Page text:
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What moms really want

Andria
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THE REAL DEAL

THE REAL DEAL Even when Mother’s Day isn’t all roses and rainbows, it can still be sweet. (Illustration: behance.net/runamokstudios)

Dear Dads (and Kids, and Other Family Members),

In case it’s slipped off the radar, we’re putting it back out there: Mother’s Day is May 8!

I say that not to invoke panic in anyone. We moms know this special day can be fraught. How can you adequately celebrate someone who has literally handed over her body to her children, plus fed them, bathed them, carpooled them, and told them three times a day to keep their elbows off the table and put their napkins in their laps?

This is the person who goes to the bathroom with the sole intent of creating a few minutes of me-time, only to be interrupted by pudgy little hands on her knees and big eyes asking for some eggs. Please? (Ever seen the book Didn’t I Feed You Yesterday? It’s real.)

Let’s be clear: Mother’s Day is fraught for us too. Believe it or not, we truly want to adore whatever way you choose to celebrate us. It’s just not always easy.

Breakfast in bed? Lovely. We will definitely tell the children we love we wish they would make those pancakes of theirs (a.k.a. batter encased in a somewhat-cooked shell of a pancake, smothered in a half-bottle of syrup) for us every day! And serve it to us in bed! Inside, though, we’re wondering if we’ll be able to smell maple on our sheets when we go to bed tonight and wishing someone would whisk us to the Skeeter’s breakfast buffet.

Flowers? Candy? So, so sweet. But if that’s what we get the morning of Mother’s Day and then we turn around to spot a diaper needing changing, there’s not a big enough bouquet to make us feel any different than any other of the 365 days a year we are bound and faithful.

A couple of other things we don’t want:

1. Balloons on a stick. One soft-spoken, loving mother’s husband showed up every year with a sweet smile, their three boys, and a “Happy Mother’s Day!” balloon on a stick. Last year, the mother told her husband if he ever brought home another balloon on a stick – for any reason – she was going to stick it somewhere unpleasant.

2. A husband who plays baseball inside and breaks the window in the French door. A little specific, maybe, but you get the point.

Now for what we do want. One mom has a tradition of choosing an activity for the family that would make her happy – and that wouldn’t happen any day other people are allowed to have opinions. “I already have plans to visit the Arboretum,” she says. “That’s one of their least favorite things to do.” I got the feeling part of that joy came purely from being able to tell her family what to do and having them actually do it.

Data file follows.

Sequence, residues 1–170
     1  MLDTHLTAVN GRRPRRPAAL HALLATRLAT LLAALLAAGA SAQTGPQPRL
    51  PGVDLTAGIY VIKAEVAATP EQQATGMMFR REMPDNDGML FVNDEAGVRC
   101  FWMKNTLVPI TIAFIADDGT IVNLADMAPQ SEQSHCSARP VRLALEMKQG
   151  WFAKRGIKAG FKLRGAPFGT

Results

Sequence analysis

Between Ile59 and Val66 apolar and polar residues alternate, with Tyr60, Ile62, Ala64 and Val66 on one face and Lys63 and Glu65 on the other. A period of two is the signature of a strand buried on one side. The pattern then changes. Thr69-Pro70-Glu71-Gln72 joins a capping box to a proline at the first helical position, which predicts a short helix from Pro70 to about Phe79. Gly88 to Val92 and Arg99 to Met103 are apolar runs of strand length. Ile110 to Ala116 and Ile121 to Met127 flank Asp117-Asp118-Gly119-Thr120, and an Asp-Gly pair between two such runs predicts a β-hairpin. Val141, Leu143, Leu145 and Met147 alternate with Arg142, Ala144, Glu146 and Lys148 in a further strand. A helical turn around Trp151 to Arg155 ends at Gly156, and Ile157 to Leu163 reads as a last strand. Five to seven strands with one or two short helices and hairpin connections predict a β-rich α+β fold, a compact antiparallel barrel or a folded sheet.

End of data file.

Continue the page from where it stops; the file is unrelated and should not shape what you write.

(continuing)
Another checks into a hotel every year – by herself. “It’s not even lavish hotels,” she says. “It’s just the peace of being alone, and not hearing some form of, ‘I need help!’ all day long.”

Basically, it boils down to this: Every other day of the year, we are in charge, all-in, never off. Mother’s Day is the one day we hope to call in and relax. Moms want a day off from momming.

Until…until our kids get to the age when they put their own napkins in their laps and drive their own cars to school. And we don’t need a minute to gather ourselves in our bathrooms, because nobody needs a grilled cheese right now.

Then…well, then we want a day on.

For the dads and older kids, these Dewberry (or any berry) Jewel muffins are a sweet way to start Mother’s Day morning. Just be sure to bake them all the way – and clean up the kitchen.

Dewberry Jewels

From The Junior League of Houston’s Stop & Smell the Rosemary

½ cup (1 stick) unsalted butter, at room temperature
1 ¼ cups sugar
2 large eggs, at room temperature
2 cups all-purpose flour
2 teaspoons baking powder
½ teaspoon salt
½ cup milk
1 ½ cups fresh dewberries, blueberries, blackberries, or raspberries
4 teaspoons sugar

Preheat the oven to 375 degrees. Lightly grease a muffin pan. Cream the butter and sugar in a large bowl until light and fluffy. Add eggs, one at a time, beating well after each addition. Sift the flour, baking powder, and salt into a small bowl. Add the flour mixture to the butter mixture, alternating with milk. Fold in the berries. Divide the batter evenly among muffin cups. Sprinkle the tops with sugar. Bake for 30 minutes, or until golden brown.

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